My patient looked up at me. “Do you want to see what I can do?” she asked.
Her father mockingly moaned, ”Oh, no.”
“Pleeease,” persisted the girl, “just once.”
The dad just laughed.
“Watch,” she said proudly as she suddenly rolled her eyeballs back and flipped her eyelids inside out with her fingers.
“Very impressive,” I told her, and snapped a photo.
Voluntary eye movements like the one in the photo may be ugly to look at but are not damaging. Nor will the child’s eyes be forever stuck in that position. On the other hand, any involuntary eye movement should be investigated.
In particular, be vigilant for lazy eye (strabismus). In this condition, the eyes are do not align correctly and drift. According to the most recent edition of Nelson Textbook of Pediatrics, lazy eye affects about four percent of children under six years of age and can manifest itself in infancy.
By two months old, your child’s eyes should be able to fix on your face and move together as she watches you. If you notice her eyes cross beyond this age, take her to her doctor. Lazy eyes tend to run in families. The child pictured immediately here has several relatives with lazy eyes.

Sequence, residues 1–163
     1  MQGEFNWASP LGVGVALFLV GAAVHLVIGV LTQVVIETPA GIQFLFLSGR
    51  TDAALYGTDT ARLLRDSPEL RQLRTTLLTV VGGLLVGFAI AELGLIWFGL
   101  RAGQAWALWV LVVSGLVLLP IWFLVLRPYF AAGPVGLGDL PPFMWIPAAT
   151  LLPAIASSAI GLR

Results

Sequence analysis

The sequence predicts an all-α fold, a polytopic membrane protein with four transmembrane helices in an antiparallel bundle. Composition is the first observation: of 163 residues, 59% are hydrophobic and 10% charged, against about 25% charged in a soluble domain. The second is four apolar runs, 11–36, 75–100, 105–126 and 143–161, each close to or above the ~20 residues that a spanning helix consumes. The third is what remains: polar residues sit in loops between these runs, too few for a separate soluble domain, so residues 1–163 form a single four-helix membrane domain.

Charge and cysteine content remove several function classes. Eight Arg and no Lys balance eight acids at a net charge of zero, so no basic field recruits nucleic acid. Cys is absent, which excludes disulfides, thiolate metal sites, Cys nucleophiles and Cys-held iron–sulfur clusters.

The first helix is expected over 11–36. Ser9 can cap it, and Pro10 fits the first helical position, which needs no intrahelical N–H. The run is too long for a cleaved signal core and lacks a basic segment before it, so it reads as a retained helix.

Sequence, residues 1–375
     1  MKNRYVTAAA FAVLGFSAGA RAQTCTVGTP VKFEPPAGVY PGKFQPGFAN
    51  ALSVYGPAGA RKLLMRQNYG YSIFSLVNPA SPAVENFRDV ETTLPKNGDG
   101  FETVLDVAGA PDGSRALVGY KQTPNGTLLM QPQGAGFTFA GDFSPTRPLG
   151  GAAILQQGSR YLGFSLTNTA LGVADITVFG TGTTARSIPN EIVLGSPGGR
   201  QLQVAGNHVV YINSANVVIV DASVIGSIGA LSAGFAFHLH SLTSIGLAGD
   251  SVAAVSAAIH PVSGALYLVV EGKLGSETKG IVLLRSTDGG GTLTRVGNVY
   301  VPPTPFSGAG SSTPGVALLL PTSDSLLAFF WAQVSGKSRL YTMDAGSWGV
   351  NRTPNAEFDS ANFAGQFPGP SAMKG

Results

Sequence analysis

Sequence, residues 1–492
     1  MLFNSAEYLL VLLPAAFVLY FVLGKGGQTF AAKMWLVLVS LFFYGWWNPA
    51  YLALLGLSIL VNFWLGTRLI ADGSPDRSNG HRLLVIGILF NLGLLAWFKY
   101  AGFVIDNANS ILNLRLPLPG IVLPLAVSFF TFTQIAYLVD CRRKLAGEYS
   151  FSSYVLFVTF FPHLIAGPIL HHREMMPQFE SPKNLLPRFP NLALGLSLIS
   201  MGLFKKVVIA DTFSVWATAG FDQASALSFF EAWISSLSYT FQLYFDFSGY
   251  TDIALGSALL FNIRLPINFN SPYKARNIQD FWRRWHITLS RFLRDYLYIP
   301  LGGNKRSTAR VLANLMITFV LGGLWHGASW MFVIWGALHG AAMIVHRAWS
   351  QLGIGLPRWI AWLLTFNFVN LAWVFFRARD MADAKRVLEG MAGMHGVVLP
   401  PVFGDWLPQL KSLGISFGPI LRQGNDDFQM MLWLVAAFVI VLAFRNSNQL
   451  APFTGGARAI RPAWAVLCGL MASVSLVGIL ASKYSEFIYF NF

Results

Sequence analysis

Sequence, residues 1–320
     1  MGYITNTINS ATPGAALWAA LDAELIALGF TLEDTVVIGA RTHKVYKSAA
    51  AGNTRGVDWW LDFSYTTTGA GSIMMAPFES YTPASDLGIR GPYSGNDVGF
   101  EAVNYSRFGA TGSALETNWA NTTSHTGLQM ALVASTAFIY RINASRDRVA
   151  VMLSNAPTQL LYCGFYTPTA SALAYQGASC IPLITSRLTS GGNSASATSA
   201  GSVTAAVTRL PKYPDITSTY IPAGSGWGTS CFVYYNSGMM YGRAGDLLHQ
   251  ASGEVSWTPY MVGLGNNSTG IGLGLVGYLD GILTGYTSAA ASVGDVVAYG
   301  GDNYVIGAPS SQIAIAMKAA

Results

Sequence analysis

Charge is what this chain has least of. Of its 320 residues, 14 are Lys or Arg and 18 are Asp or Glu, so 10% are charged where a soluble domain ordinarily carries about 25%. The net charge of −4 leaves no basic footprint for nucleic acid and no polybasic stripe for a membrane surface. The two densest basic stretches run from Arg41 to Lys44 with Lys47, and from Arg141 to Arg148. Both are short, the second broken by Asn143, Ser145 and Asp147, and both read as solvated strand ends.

The cause of most lazy eye is unclear; however some cases are due to a defect in the pathways of the brain and nerves which control eye movement. Occasionally, some types are associated with other medical problems.
Detection of a lazy eye is important because a “lazy” eye can lose vision (amblyopia) from underuse. Treatment for most kids involves covering the good eye and forcing the lazy eye to “do more work” in order to prevent amblyopia. Ophthalmologists (eye surgeons) use techniques such as covering an eye with a patch, prescribing special glasses, or using eye drops to encourage the use of the lazy eye. For some, surgery is needed to fully align the eyes. The earlier treatment starts, the more rapid the response. Unfortunately, after a child is eight years old, treatment is much less effective.
Shortly after the girl showed me her eye rolling talent, a boy in the office showed me another intriguing trick. By inhaling deeply, the boy sucked in one nostril until it flattened without pulling in the other one.
Didn’t take a picture of that one.
Naline Lai, MD with Julie Kardos, MD
©2010 Two Peds in a Pod℠